Roundtable Discussion: The Evolution of SECs

Correctional News spoke with three SEC industry leaders to catch up on the evolution of the SEC industry. Keith Thoene, president, CML RW Security LLC; Russell Pilcher, CEO, Sierra Detention Systems; and Buddy Johns, president and CEO, Argyle Security, all answered the question: How has the SEC industry evolved since you first started working in it?

Thoene: We think the largest change to the SEC industry in the last 15 years is the evolution from analog to IP technology. As technology has advanced and IP infrastructure has become more affordable, it has aggressively changed the products being specified to a point where I am now a little surprised when I see an analog design. This product shift has also driven a change in terms of whom we interface at an owners level. With older analog technology, we often worked with a facility low-volt technician or electrical maintenance personnel. We are now working more and more with the facility IT department.

Pilcher: Prior to the advent of the SEC as we know it today, detention equipment was bid direct to the owner and managed by the general contractor. As the market changed and the technology advanced, management of the highly specialized nature became too onerous for the owner, and responsibility passed to the general contractor. Due to the technological advancement of the security electronics, consultants became necessary to assist architects in their development of specifications and planning. As budgets tightened in the industry, specifications were subsequently developed to reflect the economic pressures. A lowering of the performance criteria opened up the bidding process to companies not necessarily capable of handling the complex issues high-security facilities encounter. The lowest bidder replaced the most competent and qualified and thus began the procurement system failure.

We feel as though the antiquated procurement process has done a great disservice to the end user and their ability to safely manage their facility. Instead of the most capable integrators performing work of a specialized nature, the least-qualified, lowest-number bidder is forced onto facilities without their opinion. It is the end-user (sheriffs, operators, etc.) with the greatest amount to lose.

Johns: The Security Electronic Controls industry has evolved greatly in the disciplines of management and in the electronic composition of each device; however, the physical characteristics of each security device have maintained their detention characteristics.

Intercoms have changed from analog audio paths and relay controls to digital modules with VOIP communication paths that allow for the ability to capture and record the two-way conversations within the officers and their cliental. The quality of the conversations and communication has increased. Door controls are hard detention products that remain an industry standard with minimal physical changes, but the head-end equipment that is used to control and monitor each device has progressed with today’s technology.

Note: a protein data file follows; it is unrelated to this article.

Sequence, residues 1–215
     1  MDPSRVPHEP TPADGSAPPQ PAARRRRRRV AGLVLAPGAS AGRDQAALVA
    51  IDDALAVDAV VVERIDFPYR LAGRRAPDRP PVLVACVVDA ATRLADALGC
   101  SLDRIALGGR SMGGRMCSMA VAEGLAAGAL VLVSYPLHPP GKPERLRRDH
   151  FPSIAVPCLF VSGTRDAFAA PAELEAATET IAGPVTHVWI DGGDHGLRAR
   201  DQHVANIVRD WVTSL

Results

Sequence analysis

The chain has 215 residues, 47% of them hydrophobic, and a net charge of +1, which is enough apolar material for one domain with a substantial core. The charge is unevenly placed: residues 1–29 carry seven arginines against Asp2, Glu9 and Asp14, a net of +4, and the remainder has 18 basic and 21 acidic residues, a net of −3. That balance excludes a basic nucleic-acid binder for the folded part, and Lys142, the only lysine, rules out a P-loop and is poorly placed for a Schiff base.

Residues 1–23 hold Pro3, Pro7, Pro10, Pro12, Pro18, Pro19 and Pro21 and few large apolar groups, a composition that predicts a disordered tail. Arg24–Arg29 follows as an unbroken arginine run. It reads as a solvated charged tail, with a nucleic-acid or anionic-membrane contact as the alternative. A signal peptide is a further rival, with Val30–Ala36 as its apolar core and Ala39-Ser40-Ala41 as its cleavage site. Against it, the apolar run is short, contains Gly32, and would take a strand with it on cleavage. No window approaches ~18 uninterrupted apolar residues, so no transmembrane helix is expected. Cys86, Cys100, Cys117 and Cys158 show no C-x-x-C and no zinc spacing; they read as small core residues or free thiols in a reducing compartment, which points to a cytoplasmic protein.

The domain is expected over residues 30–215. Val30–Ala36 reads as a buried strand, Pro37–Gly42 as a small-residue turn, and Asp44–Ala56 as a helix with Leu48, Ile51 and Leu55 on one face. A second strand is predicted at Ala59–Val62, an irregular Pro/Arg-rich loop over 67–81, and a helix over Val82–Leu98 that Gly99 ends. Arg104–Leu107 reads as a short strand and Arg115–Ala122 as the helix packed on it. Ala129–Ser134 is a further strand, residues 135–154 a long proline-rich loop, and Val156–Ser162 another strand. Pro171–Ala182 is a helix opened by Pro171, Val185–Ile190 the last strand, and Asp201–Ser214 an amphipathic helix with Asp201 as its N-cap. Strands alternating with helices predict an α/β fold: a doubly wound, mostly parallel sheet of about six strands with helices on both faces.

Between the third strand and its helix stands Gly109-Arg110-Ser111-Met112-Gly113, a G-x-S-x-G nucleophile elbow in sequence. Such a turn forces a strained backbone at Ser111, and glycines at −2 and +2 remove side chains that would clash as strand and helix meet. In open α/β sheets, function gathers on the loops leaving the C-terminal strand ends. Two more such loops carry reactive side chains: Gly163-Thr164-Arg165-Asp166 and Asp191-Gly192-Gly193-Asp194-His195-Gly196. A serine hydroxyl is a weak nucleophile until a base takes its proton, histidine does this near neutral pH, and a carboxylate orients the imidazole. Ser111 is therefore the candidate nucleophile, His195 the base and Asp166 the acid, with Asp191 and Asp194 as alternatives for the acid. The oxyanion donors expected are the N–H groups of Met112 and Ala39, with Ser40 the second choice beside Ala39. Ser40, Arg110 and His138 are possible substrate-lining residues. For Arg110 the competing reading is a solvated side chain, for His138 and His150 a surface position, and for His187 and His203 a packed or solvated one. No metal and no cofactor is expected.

Societies demand for the increased need for documentation and accountability has resulted in huge technology advancements in the IP technology and storage requirements for video. Analog cameras are now being digitized onto digital recorders and the price of IP digital cameras are now competing directly with the analog cameras, but most importantly the quality of the video image has changed from an acceptable grainy image to a highly demanded, high-definition display. Storage requirements and video quality are one of the highest growth areas in this industry. Analytic technology is also now usable due to the ability to transfer large quantities of data over private and secure cloud networks and the low cost of high volume data storage. Analytics have been around for some time; however, usable and feasible products are a very recent enhancement.

Standalone hard-wired push button panels have been greatly phased out and been replaced with touchscreen control systems that now share the operations of movement and security within the facilities. Redundancy and backup performance is transferred over the network allowing for a higher level of security management. The PDA industry is progressing to put the direct management controls into the hands of the roving security officers, which increases the ability to manage the daily tasks within a controlled environment (i.e. intercom calls, lighting control, TV control, door operations and more) without having to have a stationary officer set in place standing in front of a control station.

The hands-on, On-the-Jog (OJT) maintenance person has evolved to the level of technician or IT expert because of the technology growth of each component installed and managed within a facility. Not too long ago the maintenance department could just take a set of hand tools to go and troubleshoot a problem, but now they need to have a laptop and an electronic background to understand the technology and theory of the components before they can even begin the repair process.

Don’t forget to check out our May/June issue for the full roundtable discussion between SEC leaders.